Pride parade is meaningful in many different ways

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The Dallas Pride parade had an aspect of political activism that went beyond the preconceived notions that many hold. Photo by Anthony Garnier.

Last Sunday, Dallas hosted its annual L.G.B.T. Pride event. Pride is a coming together of people with shared experiences, where they can celebrate their identities.

Many people have preconceived notions about Pride parades and what they symbolize. To many, they are nothing but celebrations of sexual deviance and perversion. Protesters with “Gay sex is sin” signs yelling about repentance made clear that this idea is unfortunately common.

To clarify: there is nothing wrong with events that are more party-oriented without any political or philosophical substance, and highly sexual events are not limited to gay people. To say otherwise is another way of singling out the L.G.B.T. community, painting it as more sexual than its counterpart. Pride events are scorned for being sexually charged, while heterosexual clubs and the like are not. There is more to Pride than these stereotypes.

Gay parents bring their children to pride to celebrate their families. Parents of gay children held signs and wear shirts proclaiming, “I am proud of my gay son/daughter.” Christian denominations such as the Episcopal Church and the Unitarian Universalists marched in the parade, preaching a gospel of love and acceptance, a far cry from the small groups of protesters who show up every year. Different companies showed their support for L.G.B.T. rights by having employees march in the parade on large floats. The Chipotle float even had a giant burrito on top, throwing out coupons and specially made Chipotle buttons.

Political advocacy groups also regularly attend the parade. Hillary Clinton’s campaign was there, marching alongside the Human Rights Campaign, which endorsed her bid for the presidency. The stonewall democrats were registering people to vote and signing up people to volunteer for the upcoming elections. “This Free Life,” an L.G.B.T.-centric anti-smoking campaign, was also there. Lambda Legal, which protects L.G.B.T. and other minority rights, had a booth aimed at fighting voter suppression and getting people to go out and vote. The Mothers Demand Action group also attended, raising awareness about the effects of gun violence.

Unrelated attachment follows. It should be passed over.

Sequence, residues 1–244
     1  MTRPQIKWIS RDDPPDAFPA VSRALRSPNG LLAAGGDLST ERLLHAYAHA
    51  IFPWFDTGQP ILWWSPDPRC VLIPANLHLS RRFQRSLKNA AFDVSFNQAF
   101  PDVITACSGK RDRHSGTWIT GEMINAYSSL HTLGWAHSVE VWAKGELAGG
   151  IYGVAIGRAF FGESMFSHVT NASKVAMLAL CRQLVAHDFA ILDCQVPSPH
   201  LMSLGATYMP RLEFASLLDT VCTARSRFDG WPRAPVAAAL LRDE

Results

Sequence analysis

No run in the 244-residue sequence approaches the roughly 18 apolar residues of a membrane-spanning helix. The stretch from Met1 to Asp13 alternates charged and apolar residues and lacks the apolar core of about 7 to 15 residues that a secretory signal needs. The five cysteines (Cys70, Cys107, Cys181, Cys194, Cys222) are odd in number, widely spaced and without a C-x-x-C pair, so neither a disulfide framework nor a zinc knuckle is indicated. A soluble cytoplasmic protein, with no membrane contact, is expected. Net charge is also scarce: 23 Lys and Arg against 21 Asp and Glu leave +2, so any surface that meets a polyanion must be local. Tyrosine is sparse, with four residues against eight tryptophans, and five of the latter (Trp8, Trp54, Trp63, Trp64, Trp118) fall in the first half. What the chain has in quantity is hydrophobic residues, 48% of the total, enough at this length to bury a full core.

Gay couples, thanks to the Supreme Court’s decision last June, are now able to celebrate their marriages nationwide for the first time, making this year’s Pride particularly special.

This year’s celebration was also especially important for the community as it came not long after the events in Orlando’s “Pulse” nightclub, where 49 people were brutally killed in a violent display of homophobia. The Orlando attack came at a time when many were starting to feel safe in their identities. The attack shattered the idea that the community was safe.

Some did not want to go to the parade for fear of a similar attack, and police presence was noticeably more prominent in the park and along the parade route. A float honoring the dead was a sobering reminder that while Dallas’ Pride was going strong, there is still a long way to go for acceptance and equality.

While there are some “not safe for work” aspects to Pride parades, Dallas’ parade is considered tame in comparison to other parades. Pride gets a bad reputation from people who see them on television or who have never been to a Pride parade before.

Go to one. See what they’re actually about. You might find yourself surrounded by people with whom you have a lot in common, you might enjoy the party aspect or you might even find a cause with which you personally identify.

Pride parades are as complex as they are important. Don’t let a stereotype keep you from understanding what they are really about.

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